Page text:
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HomeColumnsIATSE Quadrennial Convention Curtain Raiser

IATSE Quadrennial Convention Curtain Raiser


The curtain is about to rise. Soon it will be showtime in Honolulu for the 65th national convention of IATSE, or the International Alliance of Theatrical Stage Employees, Moving Picture Technicans, Artists and Allied Crafts of the United States, its Territories and Canada—as it’s formally known these days.The IATSE convention’s main event will take place July 18 to 22. Prior to that there are two separate sessions where lots of prep work gets done prior to the official four-day meet. There’s an IA general executive board meeting from July 11 to 15 and IATSE district conventions are held July 15 to 16.Top of the agenda, delegates will vote on who will lead IATSE. Thomas Short is running for his fourth term as IA president. There’s no doubt about the outcome. The only suspense is about who may try a quixotic run against him.The most important discussions to be held in the advance meetings are what individual guild issues will be on the table when the IA and the Alliance of Television and Motion Picture Producers (AMPTP) start negotiations this fall on renewing the three-year old Basic Agreement that expires next summer.But before the Honolulu meeting even begins, sharp-elbowed skirmishing has gone on in recent weeks, especially on the controversial issue of “runaway production.”Exhibit A is a letter signed by international president Short and sent to the leaders of all of Canada’s IATSE locals. In the letter, which has circulated widely on the internet, Short questioned whether Tim McHugh, the head of the Film and Television Action Committee (FTAC) practices what he preaches in his firm opposition to runaway production (see Union Roundup on page 2).McHugh, who had been an alternate but found out just days ago that he will be an official delegate to the IA convention, told Below The Line that “I’ll be the one there with a big target on my back.”Gerry Rafferty, business agent for IATSE Local 669, the International Photographers Guild, in Vancouver, said Short’s letter was shot across the bow to IA members who support FTAC’s strategy of asking for the US to file a trade action against Canada and other foreign countries for violating trade laws by subsidizing film and television production.“The letter I got was a clear message from president Short,” said Rafferty, “that the Canadian unions in the IA are on exactly the same footing as the American unions, and that he’s not going to be drawn into a discussion over FTAC-like proposals.”This will be the first IATSE quadrennial convention ever. Four years is the longest stretch between such confabs in recent history, so there’s sure to be a jam-packed agenda, as well as a few dust-up debates on the convention floor.The last convention took place in Chicago in July 2001. There, a resolution, spearheaded by IA chief Short, was passed to increase the span between meetings from three to four years as a money-saving measure. Some delegates would like to return to the more-frequent triennial format.Another constitution-changing resolution passed at the IATSE meeting in 2001 is likely to have a considerable impact on what actually gets discussed in the big open sessions. Only resolutions that have been submitted in advance to the IA after they’ve been approved by a majority of a local’s delegates to the convention can be introduced. Resolutions can’t simply be offered from the floor for consideration, as they were in the past; they’ll have to be pre-approved.It remains to be seen what has actually made it through the vetting process. Resolutions from Local 600, the ICG, including one FTAC-like proposal, were supposedly rejected by the IA on the grounds they weren’t filed properly and arrived late.Four resolutions from Studio Electrical Lighting Technicians Local 728 look like they’ve made the cut, according to Michael Everett, an executive board member of the lighting union.These include resolutions to return to a three-year interval between conventions; have IATSE “make a public acknowledgement of its involvement and leadership in the Hollywood Blacklist” and remove a section still in its constitution commonly known as a “red clause”; and have the IA post on its website “Union Member Rights” as promulgated by the federal Labor-Management Reporting and Disclosure Act.A fourth Local 728 resolution could stir up a hornet’s nest of a discussion, if it actually makes it to the floor.Claiming IA officer salaries “are now among the highest in the labor movement” while hourly wage rates of IATSE members have fallen “precipitously” in recent years, it proposes to freeze all IA officer salaries at January 2005 levels. And they will stay frozen until the issue is “revisited at the next International convention.”But don’t bet on this getting passed.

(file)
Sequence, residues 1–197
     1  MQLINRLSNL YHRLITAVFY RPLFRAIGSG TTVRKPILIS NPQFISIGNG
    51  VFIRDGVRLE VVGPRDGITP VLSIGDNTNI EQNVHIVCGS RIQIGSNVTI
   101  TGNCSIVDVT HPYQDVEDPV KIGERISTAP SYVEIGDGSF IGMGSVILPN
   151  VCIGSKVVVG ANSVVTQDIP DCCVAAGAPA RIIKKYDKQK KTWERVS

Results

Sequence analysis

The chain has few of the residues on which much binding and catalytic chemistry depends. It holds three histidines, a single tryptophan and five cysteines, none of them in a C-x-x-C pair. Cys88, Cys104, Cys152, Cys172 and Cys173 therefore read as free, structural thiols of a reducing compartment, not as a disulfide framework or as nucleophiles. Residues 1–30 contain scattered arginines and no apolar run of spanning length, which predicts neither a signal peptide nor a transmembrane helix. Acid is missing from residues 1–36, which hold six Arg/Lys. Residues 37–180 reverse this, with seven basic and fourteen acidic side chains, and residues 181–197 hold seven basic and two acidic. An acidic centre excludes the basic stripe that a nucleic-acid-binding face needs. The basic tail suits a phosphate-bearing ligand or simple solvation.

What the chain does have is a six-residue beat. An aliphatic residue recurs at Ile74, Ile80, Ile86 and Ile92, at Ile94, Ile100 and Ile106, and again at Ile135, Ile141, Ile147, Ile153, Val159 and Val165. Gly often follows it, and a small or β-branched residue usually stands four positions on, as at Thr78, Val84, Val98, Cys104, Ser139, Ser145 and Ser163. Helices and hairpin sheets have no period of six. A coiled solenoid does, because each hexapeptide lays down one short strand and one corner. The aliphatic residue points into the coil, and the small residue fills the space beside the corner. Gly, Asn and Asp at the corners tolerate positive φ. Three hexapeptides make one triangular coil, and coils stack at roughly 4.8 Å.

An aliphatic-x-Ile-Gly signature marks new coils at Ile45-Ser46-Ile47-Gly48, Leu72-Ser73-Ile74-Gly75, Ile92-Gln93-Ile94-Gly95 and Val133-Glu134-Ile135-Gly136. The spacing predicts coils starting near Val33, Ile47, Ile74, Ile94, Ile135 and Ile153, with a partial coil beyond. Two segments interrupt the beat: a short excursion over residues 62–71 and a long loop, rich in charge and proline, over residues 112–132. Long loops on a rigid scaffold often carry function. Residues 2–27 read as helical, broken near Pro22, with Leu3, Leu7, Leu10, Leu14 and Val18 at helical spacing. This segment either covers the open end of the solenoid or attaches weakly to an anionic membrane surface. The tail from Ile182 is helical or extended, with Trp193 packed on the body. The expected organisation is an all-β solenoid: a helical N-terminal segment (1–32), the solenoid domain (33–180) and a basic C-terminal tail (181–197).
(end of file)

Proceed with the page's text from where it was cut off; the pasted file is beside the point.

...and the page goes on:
Written by Jack Egan

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